Conte Quits As Italy’s PM In New Bid To Build Majority
The Tuesday resignation of Italian Prime Minister Giuseppe Conte has left the country in what the Italians call a government crisis “in the dark” – one which has no obvious solution, according to AFP.
After three weeks of political uncertainty following the exit of a small party, Italia Viva, from the coalition government led by Conte, Italy has been plunged into instability. The schism came to a head amid disputes over EU pandemic recovery funds and how they are dispersed. Amid the impasse, ex-premier Matteo Renzi – head of Italia Viva – walked.
Early Tuesday, Conte – Italy’s longest-serving head of state in recent memory – informed his ministers of his resignation, before officially handing it to President Sergio Mattarella – who reportedly asked Conte to remain in a ‘caretaker’ role during the formation of a new government.
Conte’s resignation was largely seen as an attempt to avoid a parliamentary defeat at a Senate vote later this week, after barely surviving a vote of confidence last week. With the departure of Italia Viva, however, his government was stropped of a working majority, meaning any major laws would face gridlock for the remainder of his mandate.
Mattarella now has to decide whether he’ll give Conte another chance to negotiate with lawmakers in order to cobble a majority back together that will allow him to govern. If he can’t strike an agreement with Renzi on a new coalition government, voters will be forced to head to the polls again in a forced election two years ahead of schedule.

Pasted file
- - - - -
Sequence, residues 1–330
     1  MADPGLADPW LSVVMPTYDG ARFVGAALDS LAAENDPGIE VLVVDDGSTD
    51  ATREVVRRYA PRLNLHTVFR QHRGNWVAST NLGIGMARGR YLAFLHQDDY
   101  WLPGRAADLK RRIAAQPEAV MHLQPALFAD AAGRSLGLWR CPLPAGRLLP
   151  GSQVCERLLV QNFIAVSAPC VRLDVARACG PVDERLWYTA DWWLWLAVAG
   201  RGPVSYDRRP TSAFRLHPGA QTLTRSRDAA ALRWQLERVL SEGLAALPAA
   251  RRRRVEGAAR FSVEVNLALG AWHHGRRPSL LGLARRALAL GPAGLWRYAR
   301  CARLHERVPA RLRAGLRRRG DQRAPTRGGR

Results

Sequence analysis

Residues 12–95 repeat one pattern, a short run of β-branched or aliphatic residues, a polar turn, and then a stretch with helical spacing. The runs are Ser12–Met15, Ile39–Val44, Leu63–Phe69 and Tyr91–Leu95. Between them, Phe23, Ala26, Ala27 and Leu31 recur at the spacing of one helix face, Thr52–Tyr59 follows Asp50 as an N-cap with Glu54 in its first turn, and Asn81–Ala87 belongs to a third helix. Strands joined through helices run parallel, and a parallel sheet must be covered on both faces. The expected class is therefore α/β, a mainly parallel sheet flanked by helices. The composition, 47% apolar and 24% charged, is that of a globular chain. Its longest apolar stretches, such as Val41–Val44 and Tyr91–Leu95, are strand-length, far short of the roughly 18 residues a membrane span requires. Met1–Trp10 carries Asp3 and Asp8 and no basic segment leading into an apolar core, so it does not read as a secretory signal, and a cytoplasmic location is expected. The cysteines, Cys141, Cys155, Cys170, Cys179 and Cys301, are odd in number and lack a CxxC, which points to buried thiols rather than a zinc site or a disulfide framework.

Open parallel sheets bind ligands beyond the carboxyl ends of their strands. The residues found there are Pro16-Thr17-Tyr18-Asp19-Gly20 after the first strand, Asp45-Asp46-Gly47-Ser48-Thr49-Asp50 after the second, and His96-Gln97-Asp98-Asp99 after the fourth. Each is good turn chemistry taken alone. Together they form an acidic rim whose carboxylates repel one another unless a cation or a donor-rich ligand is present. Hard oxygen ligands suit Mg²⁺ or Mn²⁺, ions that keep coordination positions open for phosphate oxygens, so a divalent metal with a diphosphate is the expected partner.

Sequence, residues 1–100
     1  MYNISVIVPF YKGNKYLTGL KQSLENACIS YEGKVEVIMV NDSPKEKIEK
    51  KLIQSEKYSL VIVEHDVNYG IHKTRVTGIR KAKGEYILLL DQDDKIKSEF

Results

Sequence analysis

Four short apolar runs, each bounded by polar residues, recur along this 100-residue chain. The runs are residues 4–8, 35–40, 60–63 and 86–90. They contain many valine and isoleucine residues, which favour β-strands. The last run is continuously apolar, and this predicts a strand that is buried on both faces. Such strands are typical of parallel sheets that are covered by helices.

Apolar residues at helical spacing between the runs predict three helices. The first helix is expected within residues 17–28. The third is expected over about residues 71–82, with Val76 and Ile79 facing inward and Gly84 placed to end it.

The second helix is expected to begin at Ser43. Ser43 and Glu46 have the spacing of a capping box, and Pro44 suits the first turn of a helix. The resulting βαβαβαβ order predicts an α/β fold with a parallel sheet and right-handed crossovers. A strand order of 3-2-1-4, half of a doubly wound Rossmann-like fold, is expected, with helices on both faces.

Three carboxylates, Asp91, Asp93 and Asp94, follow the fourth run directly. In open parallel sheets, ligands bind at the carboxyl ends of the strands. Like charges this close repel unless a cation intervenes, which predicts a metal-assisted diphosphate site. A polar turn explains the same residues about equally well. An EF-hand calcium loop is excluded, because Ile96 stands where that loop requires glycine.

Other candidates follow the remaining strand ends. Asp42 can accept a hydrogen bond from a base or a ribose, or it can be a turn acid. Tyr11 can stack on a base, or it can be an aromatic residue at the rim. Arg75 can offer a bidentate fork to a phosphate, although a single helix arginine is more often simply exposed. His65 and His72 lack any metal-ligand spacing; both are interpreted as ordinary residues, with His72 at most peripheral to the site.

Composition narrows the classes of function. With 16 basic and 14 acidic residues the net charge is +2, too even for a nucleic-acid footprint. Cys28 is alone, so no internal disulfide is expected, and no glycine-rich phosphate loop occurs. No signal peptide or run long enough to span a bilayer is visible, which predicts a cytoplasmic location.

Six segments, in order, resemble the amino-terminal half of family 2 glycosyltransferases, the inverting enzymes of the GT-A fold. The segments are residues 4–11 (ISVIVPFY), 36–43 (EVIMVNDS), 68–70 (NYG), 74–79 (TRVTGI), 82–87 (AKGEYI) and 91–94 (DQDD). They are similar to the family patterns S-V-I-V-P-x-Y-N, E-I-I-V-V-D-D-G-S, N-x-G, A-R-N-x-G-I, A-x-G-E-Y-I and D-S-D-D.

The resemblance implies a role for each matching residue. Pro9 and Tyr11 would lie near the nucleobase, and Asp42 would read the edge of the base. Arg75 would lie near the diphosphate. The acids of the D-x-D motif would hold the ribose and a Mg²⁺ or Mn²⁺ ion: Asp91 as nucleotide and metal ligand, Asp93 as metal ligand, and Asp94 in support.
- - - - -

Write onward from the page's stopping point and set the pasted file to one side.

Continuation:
Another possibility, per AFP, is naming an independent as premier, which would prevent conflict between the PD and M5S. Leftist publication La Repubblica Daily reports that Conte could serve as a minister in such a cabinet.
Until now the main coalition parties – the anti-establishment 5-Star Movement and centre-left Democratic Party (PD), have backed Conte’s efforts to remain in power. “Conte is the essential element and we need to broaden and relaunch the government’s action,” Debora Serracchiani, the deputy head of the PD, told state broadcaster RAI.
Conte, an attorney with no direct political affiliation, is close to 5-Star, the largest party in parliament. He first came to power in 2018 after 5-Star formed an unexpected coalition with the far-right League. When that pact unraveled a year later, he stayed on as head of a new administration involving the 5-Star and leftist parties. Opinion polls show that Conte is Italy’s most popular leader, with an approval rating of 56%, almost 20 points above the next closest politician, according to a poll published by Corriere della Sera daily on Saturday.
Italy has recorded over 85,000 deaths linked to COVID-19, according to data from Johns Hopkins University.
Tue, 01/26/2021 – 10:25